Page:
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The productivity trap, and how to make time for your own work

You pay yourself first. With time, as well as money

By Sheryl GarrattPublished 2 years ago 8 min read

Time. We all get the same 24 hours of it, every day.

Yet we all feel that we don’t have enough of it, that we’re wasting it, failing to make the most of it, that it’s slipping away. Most of all, we feel there’s never time to make the work we really want to make.

Many of us dream of some future point when we’ll finally be on top of everything. When we’ve quit our day job, the children are grown, the house is decluttered, the paid work all delivered. And we’ll suddenly have a magical stretch of free time to progress that big personal project we’ve been thinking about.

If this is you, you’re not alone. But if you’re ever going to find the time to start (and finish) your own creative projects, you need to face a brutal truth. There will never be a point when everything on your to-do list is done.

Not until you’re dead, anyway. When it will be too late to get those ideas out of your head and into the world.

Time is finite, for all of us.

Productivity hacks are fine, up to a point. You should have systems to support you, and make things run as smoothly as you can. But productivity can also be a trap.

We can get caught up in a whirl of shallow busywork, addicted to the adrenalin buzz of ticking stuff off the list without ever getting the the deeper work we really want to do. Life feels like we're running up the down escalator, going faster and faster just to keep up. Yet we rarely stop to consider whether the tasks we're zipping through are important – or even necessary.

And no matter how efficient we are, how much we cram into our days, we’ll never have enough time to do everything we could, should or even want to do. Especially not to the standard we expect.

This is both depressing, and liberating.

If you accept that you’ll never get everything done, then life slows down to something more manageable. It becomes far more about doing what you can, in the time you have. You prioritise better, choosing to neglect or miss some things for a while (or even permanently), in favour of what’s important to you.

You also start to make time for leisure and pleasure now, rather than putting them off to some future point when the work is all done. You don’t have to earn a rest. You don’t need to wait until you feel you deserve a holiday, a day off, a night out with friends. You just need to prioritise these things, and build them into your schedule.

As for your creative work, it’s rarely easy. But it does become easier when you do it consistently, rather than in big punishing spurts followed by guilt and self-loathing when you don’t pick it up again for weeks, months.. even years.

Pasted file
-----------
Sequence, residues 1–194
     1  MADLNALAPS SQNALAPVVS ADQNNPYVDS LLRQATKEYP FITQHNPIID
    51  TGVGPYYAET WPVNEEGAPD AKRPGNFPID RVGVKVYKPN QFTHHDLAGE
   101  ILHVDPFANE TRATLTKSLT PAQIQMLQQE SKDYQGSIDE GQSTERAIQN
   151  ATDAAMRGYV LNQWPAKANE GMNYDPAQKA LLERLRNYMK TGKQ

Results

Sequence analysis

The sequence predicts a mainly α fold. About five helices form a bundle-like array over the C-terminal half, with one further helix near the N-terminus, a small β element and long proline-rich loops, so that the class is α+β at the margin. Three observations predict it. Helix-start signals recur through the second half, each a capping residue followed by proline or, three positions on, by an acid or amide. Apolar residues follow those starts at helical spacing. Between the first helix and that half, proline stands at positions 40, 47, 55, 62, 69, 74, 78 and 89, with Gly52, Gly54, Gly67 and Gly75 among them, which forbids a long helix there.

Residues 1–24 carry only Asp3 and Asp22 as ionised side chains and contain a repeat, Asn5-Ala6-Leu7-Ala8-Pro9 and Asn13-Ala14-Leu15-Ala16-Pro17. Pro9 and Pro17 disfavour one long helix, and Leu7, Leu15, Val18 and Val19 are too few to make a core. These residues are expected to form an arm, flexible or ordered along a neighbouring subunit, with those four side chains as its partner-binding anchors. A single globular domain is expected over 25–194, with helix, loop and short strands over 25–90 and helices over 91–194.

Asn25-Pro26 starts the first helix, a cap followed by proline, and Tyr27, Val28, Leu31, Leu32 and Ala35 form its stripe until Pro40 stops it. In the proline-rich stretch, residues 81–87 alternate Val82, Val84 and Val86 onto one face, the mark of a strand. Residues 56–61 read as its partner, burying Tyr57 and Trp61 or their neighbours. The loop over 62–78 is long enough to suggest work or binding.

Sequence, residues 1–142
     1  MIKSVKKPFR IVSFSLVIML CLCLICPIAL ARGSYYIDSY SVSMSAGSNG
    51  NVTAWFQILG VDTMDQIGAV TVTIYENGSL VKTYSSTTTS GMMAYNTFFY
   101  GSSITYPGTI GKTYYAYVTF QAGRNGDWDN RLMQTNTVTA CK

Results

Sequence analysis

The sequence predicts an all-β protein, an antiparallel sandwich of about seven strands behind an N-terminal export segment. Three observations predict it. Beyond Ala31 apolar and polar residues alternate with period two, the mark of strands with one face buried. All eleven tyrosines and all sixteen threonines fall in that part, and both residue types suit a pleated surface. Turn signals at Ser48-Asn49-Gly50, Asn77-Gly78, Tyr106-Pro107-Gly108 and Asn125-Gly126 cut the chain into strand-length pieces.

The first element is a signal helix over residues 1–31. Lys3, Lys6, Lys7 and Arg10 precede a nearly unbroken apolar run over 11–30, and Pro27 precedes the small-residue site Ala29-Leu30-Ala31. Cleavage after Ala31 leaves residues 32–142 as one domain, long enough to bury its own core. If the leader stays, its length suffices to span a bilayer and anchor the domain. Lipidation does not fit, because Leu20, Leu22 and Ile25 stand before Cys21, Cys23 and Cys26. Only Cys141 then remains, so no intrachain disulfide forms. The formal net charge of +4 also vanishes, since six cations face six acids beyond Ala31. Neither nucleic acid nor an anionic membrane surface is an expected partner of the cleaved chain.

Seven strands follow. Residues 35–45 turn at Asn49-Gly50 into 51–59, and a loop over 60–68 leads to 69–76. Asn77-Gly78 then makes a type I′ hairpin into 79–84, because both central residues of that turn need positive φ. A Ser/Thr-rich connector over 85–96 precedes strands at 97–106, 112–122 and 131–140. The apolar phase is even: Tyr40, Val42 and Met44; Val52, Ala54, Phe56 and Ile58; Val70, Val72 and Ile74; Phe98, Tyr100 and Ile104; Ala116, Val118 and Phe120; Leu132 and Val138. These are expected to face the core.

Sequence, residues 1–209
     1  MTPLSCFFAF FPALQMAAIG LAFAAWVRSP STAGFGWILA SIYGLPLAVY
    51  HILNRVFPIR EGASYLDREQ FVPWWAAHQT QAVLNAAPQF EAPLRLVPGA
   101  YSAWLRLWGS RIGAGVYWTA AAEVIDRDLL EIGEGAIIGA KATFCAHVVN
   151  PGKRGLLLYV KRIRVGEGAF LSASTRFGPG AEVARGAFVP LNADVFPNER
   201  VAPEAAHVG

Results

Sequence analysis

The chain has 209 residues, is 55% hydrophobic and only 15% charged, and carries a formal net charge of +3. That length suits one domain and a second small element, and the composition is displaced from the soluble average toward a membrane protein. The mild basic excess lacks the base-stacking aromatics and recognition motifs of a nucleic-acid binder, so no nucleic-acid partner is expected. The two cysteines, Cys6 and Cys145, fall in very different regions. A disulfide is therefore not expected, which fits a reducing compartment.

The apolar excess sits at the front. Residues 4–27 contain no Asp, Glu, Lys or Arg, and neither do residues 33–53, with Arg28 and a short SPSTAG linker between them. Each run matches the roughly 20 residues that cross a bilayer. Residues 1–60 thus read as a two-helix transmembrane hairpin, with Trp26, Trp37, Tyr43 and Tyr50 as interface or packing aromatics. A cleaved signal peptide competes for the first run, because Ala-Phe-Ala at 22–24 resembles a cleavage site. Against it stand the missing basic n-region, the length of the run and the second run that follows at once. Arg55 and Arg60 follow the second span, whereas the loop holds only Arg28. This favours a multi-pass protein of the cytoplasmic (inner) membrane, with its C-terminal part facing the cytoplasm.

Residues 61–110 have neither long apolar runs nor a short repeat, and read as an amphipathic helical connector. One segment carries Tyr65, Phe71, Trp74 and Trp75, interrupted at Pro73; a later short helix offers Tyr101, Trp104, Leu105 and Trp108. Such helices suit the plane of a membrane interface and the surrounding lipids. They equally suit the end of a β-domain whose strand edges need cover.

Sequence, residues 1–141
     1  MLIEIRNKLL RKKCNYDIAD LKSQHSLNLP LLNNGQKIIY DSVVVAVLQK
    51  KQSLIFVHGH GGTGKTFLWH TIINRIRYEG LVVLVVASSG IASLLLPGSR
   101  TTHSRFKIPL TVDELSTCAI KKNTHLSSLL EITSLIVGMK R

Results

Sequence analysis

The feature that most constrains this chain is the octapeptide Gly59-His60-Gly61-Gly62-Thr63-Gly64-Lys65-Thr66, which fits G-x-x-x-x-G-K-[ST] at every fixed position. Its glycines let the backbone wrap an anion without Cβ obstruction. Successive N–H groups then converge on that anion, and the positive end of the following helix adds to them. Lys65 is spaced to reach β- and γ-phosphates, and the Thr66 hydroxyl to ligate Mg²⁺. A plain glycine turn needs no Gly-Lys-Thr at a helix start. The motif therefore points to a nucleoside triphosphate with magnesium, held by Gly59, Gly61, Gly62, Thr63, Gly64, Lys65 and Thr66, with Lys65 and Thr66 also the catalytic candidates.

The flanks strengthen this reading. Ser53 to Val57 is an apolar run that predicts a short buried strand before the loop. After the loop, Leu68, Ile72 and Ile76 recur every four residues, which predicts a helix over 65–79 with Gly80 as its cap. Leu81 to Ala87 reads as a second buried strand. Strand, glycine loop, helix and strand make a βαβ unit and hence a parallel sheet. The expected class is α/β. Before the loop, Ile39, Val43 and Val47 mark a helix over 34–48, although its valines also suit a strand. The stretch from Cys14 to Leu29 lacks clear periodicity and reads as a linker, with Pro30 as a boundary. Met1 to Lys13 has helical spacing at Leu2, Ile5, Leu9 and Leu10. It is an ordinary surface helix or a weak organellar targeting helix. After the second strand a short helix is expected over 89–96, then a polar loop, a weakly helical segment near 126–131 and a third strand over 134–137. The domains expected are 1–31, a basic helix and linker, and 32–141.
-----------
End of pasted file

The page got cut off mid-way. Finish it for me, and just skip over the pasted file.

You are not behind.

This is important to understand, no matter how productive you have – or have not – been, up to now. You don’t need to ‘catch up’.

In fact the more you push, hustle and pressure yourself to keep to absurdly high standards in every area of your life, the more joyless that life becomes. Which makes it even less likely you’ll get the important things done, or be able to express your creativity fully.

You are where you are, in the here and now. Which is the only place any of us ever can be. So try to savour it, and pay attention to the present moment. To enjoy your wild and precious life. This is easy to say, much harder to do.

We all like to time-travel.

It's what humans do. We dwell on the past, reliving all the things that could have, should have, would have happened if only we or people around us had done something differently. Or we zoom off into the future, when we worry about things that haven’t yet happened – and maybe never will.

Perhaps it would have been better if you started on your book, your art, your script five, 10 years ago. But it’s also true that you would have done it differently when you were younger, when you had less life experience. And perhaps conditions will be better for you to launch that business idea five, 10 years into the future. But there’s no guarantee of that.

So the best time to start is always.. now.

But how do we find the time?

The idea of paying yourself first originated in the personal finance world. If you wait to the end of the month hoping there will be money left over for savings, you’re often disappointed. No matter how much you earn, your spending somehow seems to expand to fit your bank balance. (Or beyond.)

So instead, you pay yourself first. You take out a fixed amount as soon as you get paid, and invest it immediately. Providing you’re earning enough to get by, you don’t tend to miss this. If you set it all up to happen automatically, it’s easy to forget that money ever existed, and you don’t need discipline or lots of decision-making about your daily spending to quietly build up a nest-egg, a gift to your future self.

Time can be like money.

Despite our best intentions, we spend it carelessly. Or we focus on working harder, faster, more efficiently in the hope that eventually all the to-dos will all be done, we’ll attain in-box zero and then we can finally get on with that creative project we’ve been thinking about.